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Options Arbitrage

by Irving Rivera on April 15, 2014 · 0 comments

Options Arbitrage

What is Options Arbitrage?

This post is going to be the first in a series of articles where we are going to discuss the multiple types, strategies and advantages of options arbitrage.  For the most part I am going to assume that you already have a serious understating of how options work and that I don’t have to cover the basics of this financial instrument with you.  If you are really interested in options arbitrage you must understand the simple key differences between a call and a put options, if not please review this website first.  However, let me define in general terms what options are and how we are going to use them regarding our arbitrage strategy.

Options are a derivative financial product from equities which represent a contract to the rights, but not the obligation, to sell or buy a bulk of 100 shares of a given stock.

The key aspects that makes this instrument unique are:

  •  Having an expiration date; which will let us arbitrage across time. (Contango & Backwardation)
  • Having a strike price; which will let us arbitrage across price inefficiencies.
  •  Having define market volatility; which will let us arbitrage across the Greek variables and the statistical difference.
  • Having leverage 100:1, which will let us arbitrage with little capital.

Lastly, being versatile; did you know there are more than 110 options strategies and hedges, here is a short list of them:

Bullish StrategiesBearish StrategiesNeutral Strategies
Call BuyingPut BuyingRatio Spread
Bull Call SpreadBear Put SpreadThe Straddle
The CollarPut BackspreadThe Strangle
Call BackspreadCovered PutsThe Butterfly
Bull Calendar SpreadNaked CallsThe Condor
Covered CallsThe Iron Butterfly
Naked PutsThe Iron Condor
Covered StraddleCalendar Straddle

 “but now for the topic at hand of how to arbitrage”

I plan to explain to you over 5 different tactics and techniques of options arbitrage, in our usual way, definition “the what”, the execution “the how to”, the practical example “the case study (including calculators and spreadsheets)” and finally the bottom line “what this mean to you (where is the money)”; but individually in their own single post; but for now let me quickly introduce you to the best practices I know with a quick definition and a brief how to guide:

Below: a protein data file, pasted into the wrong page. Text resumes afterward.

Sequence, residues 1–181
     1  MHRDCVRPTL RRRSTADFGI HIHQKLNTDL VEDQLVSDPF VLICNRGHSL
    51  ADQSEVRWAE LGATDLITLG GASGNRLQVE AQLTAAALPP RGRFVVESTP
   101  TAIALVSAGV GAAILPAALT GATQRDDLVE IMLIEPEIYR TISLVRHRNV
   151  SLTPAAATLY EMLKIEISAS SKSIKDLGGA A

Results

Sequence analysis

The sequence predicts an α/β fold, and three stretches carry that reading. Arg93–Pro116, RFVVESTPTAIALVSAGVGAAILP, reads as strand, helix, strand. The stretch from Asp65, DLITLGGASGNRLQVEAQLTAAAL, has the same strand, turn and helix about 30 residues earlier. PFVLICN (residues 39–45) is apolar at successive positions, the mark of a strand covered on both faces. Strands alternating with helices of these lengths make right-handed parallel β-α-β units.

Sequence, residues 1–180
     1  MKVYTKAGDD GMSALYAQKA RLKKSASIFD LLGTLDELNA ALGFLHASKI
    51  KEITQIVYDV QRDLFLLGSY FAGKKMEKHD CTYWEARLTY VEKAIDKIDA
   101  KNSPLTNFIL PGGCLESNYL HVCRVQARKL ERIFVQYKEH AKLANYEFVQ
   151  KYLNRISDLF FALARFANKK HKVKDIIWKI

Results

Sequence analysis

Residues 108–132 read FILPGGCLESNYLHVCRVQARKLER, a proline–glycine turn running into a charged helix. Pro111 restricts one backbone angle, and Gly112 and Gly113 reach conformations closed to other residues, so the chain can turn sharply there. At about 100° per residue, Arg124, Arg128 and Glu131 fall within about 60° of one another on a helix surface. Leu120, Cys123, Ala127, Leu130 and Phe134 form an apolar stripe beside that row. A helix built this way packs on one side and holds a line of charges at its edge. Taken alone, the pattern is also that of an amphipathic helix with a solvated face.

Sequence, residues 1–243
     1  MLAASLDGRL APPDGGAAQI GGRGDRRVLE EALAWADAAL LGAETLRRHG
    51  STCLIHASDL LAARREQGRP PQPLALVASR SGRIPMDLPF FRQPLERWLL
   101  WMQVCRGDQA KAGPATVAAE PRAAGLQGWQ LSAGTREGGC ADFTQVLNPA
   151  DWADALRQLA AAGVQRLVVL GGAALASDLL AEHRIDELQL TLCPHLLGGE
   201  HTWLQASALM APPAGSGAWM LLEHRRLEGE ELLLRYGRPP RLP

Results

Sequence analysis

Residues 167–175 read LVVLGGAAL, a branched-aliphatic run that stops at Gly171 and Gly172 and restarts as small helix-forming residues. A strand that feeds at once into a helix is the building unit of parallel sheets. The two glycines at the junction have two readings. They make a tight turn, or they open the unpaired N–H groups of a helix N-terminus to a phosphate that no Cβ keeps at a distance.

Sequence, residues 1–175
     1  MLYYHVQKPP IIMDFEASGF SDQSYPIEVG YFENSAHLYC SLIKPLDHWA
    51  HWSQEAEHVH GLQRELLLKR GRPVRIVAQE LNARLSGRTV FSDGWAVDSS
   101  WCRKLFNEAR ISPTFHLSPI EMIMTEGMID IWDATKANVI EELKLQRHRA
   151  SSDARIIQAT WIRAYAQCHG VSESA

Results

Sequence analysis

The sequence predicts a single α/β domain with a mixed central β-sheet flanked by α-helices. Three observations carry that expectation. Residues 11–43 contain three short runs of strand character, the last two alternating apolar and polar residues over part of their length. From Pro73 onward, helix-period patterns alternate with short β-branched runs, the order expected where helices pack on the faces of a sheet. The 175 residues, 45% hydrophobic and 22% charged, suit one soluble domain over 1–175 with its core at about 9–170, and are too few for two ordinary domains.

Put Call Parity: this one is the most complex of all the strategies, because it involve European style options, bonds (t-bills), the company stock (best when they don’t pay dividends) and call and put contracts. Basically, an arbitrageur will try to profit from the price conversion of buying the 100 shares of Xco, by shorting a t-bill “borrowing capital / funds” (or naked margin), and selling a call option and buying a put contract. To determent how this trade going to be profitable follow this equation:

T-bill + Call = Put + Stock

Conversion and Reversal Arbitrage: this technique is very simple and if identified properly can be very lucrative. Here you try to purchase an underlying equity while at the same time buying a put and shorting an upside call, both with the same strike price and expiration date.  The purpose of this trade is to lock-in the gains from the time premium of the options “time decay”.

 

Arbitrage by the Greeks’ Volatility: thanks to the Black-Scholes pricing model; options contracts have 14 price variables; that runs in the effect of first, second and third order. Here the best way to uncover inefficiencies is to compare the relative prices and intrinsic volatility of the option contract to the general market S&P500 Beta.  Shorting high premiums and buying low ones.